As someone who is familiar with most of the ideas presented in the text, I think this is a thought provoking read. I certainly didn't think it was the most organized in terms of connecting ideas and arguments, however, I still think the perspective is extremely valuable. It provides a glimpse at media and consumerism in American history. It is amazing how much stays the same even as 50 years pass and technology changes.


Incredibly relevant and important book. There were times when reading this book that I was shocked to remember it was written before the time of blogs and social media. The language is academic and inaccessible, and that is the only reason I give it four stars instead of five. Read this book. "We risk being the first people in history to have been able to make their illusions so vivid, so persuasive, so 'realistic' that they can live in them. We are the most illusioned people on earth. Yet we dare not become disillusioned, because our illusions are the very house in which we live; they are our news, our heroes, our adventure, our forms of art, our very experience."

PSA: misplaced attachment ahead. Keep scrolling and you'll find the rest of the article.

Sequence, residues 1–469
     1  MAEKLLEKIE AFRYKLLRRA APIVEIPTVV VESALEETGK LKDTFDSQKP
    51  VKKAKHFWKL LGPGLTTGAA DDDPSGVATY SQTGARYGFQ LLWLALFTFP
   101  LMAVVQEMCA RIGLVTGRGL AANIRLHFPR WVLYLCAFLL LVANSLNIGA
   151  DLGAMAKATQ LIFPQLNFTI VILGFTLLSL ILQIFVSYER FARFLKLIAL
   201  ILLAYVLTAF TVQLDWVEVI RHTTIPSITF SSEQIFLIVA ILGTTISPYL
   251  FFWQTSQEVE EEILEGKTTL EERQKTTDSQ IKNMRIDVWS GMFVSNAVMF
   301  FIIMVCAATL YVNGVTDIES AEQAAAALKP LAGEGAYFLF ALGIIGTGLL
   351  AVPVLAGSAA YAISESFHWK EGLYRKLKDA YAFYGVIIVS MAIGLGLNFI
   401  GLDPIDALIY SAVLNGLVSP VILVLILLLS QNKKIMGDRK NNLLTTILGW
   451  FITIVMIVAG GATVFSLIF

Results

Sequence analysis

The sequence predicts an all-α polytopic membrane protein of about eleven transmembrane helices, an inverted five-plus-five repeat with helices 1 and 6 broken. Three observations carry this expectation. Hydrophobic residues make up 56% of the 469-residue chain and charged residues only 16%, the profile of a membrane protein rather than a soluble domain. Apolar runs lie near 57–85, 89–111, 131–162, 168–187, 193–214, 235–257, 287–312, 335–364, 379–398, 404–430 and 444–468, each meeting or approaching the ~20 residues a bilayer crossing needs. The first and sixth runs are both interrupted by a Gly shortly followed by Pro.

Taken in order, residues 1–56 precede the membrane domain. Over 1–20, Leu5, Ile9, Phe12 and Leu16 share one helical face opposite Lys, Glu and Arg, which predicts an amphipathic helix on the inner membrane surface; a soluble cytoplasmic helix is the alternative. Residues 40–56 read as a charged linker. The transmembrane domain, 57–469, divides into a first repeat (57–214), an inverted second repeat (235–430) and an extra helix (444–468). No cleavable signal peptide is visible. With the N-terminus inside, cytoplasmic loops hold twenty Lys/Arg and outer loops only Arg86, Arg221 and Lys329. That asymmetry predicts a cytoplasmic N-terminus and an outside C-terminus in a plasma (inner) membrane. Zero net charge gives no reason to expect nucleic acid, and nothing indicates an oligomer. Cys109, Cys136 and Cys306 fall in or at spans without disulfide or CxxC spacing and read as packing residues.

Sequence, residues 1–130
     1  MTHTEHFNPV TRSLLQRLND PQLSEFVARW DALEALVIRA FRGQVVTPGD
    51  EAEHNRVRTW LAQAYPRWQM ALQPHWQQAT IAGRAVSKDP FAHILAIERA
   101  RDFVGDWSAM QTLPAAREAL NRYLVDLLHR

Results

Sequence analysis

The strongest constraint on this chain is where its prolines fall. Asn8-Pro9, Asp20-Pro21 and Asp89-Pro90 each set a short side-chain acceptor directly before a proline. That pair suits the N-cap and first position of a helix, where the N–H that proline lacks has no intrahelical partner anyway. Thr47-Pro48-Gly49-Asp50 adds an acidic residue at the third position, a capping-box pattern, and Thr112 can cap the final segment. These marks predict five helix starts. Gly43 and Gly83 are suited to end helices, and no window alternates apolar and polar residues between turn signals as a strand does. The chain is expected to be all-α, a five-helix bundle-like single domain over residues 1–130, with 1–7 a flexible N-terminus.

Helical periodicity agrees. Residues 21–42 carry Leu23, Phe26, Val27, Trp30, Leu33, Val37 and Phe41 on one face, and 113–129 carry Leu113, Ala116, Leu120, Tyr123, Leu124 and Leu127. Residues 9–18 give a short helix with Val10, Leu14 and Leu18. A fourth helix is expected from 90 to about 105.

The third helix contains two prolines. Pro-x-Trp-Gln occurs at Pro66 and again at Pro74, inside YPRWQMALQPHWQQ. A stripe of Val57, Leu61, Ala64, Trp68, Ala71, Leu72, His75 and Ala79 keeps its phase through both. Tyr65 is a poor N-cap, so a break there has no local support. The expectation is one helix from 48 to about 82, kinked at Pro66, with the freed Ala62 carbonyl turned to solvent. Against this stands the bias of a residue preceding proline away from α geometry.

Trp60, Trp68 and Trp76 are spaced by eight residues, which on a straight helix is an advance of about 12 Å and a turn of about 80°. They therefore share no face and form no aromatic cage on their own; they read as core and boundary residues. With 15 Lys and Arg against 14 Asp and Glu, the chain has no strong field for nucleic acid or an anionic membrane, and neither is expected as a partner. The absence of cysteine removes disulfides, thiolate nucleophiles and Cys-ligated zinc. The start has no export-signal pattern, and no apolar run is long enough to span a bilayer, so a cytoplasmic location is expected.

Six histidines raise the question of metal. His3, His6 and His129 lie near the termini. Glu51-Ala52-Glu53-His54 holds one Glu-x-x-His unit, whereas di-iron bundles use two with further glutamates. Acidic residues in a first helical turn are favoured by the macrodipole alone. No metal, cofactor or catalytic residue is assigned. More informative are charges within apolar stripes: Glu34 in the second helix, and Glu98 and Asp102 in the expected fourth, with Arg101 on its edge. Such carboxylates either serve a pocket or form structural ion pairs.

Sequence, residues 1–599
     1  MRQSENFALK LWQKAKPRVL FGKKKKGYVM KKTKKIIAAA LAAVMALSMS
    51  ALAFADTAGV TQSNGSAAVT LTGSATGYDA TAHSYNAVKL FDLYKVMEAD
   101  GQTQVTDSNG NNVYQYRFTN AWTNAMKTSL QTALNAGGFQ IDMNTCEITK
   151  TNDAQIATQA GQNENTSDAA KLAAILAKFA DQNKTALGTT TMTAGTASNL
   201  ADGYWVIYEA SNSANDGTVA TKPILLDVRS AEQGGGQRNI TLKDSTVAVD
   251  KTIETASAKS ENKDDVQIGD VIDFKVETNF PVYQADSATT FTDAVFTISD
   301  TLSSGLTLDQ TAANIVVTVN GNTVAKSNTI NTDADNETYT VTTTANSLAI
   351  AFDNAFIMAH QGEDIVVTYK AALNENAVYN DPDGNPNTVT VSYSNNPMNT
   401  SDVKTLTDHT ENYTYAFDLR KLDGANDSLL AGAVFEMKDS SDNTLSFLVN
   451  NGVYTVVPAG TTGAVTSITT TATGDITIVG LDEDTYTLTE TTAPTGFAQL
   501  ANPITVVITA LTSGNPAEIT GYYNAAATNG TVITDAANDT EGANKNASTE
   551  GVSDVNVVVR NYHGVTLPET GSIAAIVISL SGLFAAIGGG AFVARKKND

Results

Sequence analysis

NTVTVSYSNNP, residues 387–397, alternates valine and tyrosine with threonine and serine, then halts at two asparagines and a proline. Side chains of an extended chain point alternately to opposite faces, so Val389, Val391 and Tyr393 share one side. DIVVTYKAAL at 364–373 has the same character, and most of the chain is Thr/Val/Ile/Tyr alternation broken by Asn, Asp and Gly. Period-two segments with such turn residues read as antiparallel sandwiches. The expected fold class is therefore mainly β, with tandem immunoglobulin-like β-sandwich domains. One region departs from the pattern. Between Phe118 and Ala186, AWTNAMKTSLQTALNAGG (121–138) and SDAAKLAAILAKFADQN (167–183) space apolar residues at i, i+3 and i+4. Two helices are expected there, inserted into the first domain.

Share your thoughts

Your email address will not be published. Required fields are marked *